Competition and the Ratchet Effect
In labor markets, the ratchet effect refers to a situation where workers subject to performance pay choose to restrict their output, because they rationally anticipate that firms will respond to higher output levels by raising output requirements or cutting pay. We model this effect as a multi-period principal-agent problem with hidden information, and study its robustness to labor market competition both theoretically and experimentally. Consistent with our theoretical model, we observe substantial ratchet effects in the absence of competition, which is nearly eliminated when competition is introduced; this is true regardless of whether market conditions favor firms or workers.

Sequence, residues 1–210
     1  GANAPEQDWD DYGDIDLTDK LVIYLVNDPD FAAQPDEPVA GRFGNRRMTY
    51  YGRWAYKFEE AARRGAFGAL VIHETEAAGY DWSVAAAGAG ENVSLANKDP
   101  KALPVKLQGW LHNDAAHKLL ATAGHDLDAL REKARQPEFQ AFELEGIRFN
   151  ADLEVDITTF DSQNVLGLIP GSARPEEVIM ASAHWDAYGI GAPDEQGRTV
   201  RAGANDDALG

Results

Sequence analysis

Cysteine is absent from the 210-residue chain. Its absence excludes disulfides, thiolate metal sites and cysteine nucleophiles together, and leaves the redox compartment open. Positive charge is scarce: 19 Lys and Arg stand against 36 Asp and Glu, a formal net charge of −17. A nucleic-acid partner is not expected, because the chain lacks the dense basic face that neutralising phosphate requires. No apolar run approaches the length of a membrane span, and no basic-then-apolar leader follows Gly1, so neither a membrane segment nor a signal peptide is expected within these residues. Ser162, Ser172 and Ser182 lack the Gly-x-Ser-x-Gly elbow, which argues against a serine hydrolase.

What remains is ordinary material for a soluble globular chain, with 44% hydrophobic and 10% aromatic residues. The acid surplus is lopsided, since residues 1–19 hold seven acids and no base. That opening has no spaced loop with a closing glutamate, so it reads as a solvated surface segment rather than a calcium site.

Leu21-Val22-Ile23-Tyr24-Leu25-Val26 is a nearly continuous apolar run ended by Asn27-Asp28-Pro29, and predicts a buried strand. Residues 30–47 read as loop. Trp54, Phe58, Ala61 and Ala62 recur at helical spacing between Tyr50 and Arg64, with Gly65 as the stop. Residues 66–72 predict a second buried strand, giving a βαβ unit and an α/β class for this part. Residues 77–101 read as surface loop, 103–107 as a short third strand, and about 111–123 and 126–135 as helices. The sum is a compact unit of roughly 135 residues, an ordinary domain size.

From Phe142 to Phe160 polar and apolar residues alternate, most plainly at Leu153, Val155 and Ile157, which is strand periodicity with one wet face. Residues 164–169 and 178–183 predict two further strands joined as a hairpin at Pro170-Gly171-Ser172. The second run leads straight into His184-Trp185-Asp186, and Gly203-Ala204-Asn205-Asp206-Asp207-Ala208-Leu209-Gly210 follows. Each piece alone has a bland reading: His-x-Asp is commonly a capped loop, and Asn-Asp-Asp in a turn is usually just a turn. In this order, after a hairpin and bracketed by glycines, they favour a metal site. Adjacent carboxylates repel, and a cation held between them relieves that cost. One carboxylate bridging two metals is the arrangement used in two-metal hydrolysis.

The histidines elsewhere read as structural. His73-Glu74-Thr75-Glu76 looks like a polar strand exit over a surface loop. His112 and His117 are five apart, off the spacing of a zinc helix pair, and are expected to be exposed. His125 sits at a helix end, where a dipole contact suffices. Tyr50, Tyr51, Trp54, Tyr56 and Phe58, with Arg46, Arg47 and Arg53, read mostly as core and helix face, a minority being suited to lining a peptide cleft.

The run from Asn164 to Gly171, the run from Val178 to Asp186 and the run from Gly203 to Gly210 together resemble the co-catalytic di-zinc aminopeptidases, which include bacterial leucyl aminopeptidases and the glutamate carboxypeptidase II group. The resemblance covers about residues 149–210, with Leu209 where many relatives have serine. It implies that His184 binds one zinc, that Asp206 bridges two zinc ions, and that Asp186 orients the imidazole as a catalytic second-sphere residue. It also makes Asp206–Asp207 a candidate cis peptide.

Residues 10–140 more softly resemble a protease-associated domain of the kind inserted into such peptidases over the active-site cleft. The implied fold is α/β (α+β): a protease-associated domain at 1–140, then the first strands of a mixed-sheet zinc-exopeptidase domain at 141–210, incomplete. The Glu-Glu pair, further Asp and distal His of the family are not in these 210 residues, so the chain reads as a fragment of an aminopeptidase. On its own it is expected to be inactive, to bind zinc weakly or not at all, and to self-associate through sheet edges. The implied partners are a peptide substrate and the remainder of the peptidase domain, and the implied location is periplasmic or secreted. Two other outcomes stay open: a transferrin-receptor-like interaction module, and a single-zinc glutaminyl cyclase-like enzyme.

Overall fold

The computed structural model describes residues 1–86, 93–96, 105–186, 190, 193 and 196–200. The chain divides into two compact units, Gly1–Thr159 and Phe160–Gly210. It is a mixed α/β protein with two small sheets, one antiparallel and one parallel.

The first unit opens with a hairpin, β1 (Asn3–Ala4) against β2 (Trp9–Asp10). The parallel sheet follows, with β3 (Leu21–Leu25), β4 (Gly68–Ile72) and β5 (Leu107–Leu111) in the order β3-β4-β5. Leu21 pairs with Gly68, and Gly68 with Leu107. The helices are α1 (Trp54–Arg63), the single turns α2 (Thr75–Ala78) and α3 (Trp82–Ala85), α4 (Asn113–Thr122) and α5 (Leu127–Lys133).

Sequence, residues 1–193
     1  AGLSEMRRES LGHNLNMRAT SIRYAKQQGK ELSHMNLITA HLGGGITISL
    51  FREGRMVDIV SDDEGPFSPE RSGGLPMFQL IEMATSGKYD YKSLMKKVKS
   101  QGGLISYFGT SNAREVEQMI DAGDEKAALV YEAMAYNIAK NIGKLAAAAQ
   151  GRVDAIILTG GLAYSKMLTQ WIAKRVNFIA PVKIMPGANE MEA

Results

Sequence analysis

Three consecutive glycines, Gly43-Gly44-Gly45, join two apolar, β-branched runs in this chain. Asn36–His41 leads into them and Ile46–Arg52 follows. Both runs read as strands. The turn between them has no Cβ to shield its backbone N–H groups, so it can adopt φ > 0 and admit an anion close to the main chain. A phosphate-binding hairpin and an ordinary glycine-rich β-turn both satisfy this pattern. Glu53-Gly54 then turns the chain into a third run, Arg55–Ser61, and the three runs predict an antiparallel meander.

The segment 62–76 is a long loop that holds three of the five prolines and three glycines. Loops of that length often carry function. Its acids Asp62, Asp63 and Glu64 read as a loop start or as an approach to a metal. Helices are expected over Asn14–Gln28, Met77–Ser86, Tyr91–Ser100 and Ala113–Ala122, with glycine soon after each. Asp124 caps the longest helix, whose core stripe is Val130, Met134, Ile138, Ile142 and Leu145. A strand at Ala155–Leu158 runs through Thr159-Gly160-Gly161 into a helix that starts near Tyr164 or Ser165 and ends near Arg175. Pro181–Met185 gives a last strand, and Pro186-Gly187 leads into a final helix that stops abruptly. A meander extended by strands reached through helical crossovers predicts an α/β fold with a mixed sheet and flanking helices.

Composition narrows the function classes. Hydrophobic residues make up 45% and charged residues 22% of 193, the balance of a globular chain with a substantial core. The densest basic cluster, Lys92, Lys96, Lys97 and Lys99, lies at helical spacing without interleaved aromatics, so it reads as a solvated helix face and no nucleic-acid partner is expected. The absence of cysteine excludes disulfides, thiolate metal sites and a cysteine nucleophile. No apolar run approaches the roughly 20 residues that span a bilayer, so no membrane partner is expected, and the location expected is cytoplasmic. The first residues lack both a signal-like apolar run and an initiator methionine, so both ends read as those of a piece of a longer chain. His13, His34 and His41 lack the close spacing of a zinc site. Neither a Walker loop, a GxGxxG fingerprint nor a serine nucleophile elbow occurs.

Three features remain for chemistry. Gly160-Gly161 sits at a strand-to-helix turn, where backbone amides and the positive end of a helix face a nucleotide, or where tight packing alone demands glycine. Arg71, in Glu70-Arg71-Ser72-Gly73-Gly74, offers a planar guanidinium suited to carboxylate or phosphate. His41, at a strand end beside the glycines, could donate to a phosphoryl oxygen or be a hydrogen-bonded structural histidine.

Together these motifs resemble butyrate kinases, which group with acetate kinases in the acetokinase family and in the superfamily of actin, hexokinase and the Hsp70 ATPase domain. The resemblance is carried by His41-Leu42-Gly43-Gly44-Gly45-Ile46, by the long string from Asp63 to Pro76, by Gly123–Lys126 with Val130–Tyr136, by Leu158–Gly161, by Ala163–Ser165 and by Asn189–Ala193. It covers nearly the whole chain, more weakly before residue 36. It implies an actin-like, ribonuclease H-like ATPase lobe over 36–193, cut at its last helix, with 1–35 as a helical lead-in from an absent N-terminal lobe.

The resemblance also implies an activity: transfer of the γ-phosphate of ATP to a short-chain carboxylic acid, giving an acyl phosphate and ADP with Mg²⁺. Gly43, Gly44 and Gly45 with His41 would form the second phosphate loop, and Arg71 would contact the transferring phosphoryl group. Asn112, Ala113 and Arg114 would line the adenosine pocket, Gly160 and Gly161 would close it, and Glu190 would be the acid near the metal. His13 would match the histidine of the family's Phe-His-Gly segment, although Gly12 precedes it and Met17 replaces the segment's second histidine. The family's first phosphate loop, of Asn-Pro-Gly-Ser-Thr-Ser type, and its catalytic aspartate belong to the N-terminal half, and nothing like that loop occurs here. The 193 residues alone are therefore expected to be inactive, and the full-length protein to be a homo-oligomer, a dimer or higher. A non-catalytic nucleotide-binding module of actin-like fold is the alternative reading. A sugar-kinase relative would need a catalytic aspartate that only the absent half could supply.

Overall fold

|Date of creation:||Sep 2010|
|Date of revision:|
|Publication status:||published as Gary Charness & Peter Kuhn & Marie Claire Villeval, 2011. "Competition and the Ratchet Effect," Journal of Labor Economics, University of Chicago Press, vol. 29(3), pages 513 - 547.|
|Contact details of provider:|| Postal: National Bureau of Economic Research, 1050 Massachusetts Avenue Cambridge, MA 02138, U.S.A.|
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